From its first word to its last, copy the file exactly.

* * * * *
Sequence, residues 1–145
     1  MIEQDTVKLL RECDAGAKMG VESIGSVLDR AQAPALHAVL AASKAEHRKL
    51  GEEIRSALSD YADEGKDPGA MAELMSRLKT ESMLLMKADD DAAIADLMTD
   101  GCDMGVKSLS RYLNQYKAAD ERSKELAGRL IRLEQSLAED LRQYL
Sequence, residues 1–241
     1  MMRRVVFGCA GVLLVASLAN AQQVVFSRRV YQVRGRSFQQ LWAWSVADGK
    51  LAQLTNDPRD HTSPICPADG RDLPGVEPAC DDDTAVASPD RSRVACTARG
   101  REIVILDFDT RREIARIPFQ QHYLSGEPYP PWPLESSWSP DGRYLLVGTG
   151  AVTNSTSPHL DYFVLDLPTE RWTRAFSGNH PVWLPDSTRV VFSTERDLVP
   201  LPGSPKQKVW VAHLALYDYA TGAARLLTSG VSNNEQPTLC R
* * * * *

Sequence, residues 1–145
     1  MIEQDTVKLL RECDAGAKMG VESIGSVLDR AQAPALHAVL AASKAEHRKL
    51  GEEIRSALSD YADEGKDPGA MAELMSRLKT ESMLLMKADD DAAIADLMTD
   101  GCDMGVKSLS RYLNQYKAAD ERSKELAGRL IRLEQSLAED LRQYL
Sequence, residues 1–241
     1  MMRRVVFGCA GVLLVASLAN AQQVVFSRRV YQVRGRSFQQ LWAWSVADGK
    51  LAQLTNDPRD HTSPICPADG RDLPGVEPAC DDDTAVASPD RSRVACTARG
   101  REIVILDFDT RREIARIPFQ QHYLSGEPYP PWPLESSWSP DGRYLLVGTG
   151  AVTNSTSPHL DYFVLDLPTE RWTRAFSGNH PVWLPDSTRV VFSTERDLVP
   201  LPGSPKQKVW VAHLALYDYA TGAARLLTSG VSNNEQPTLC R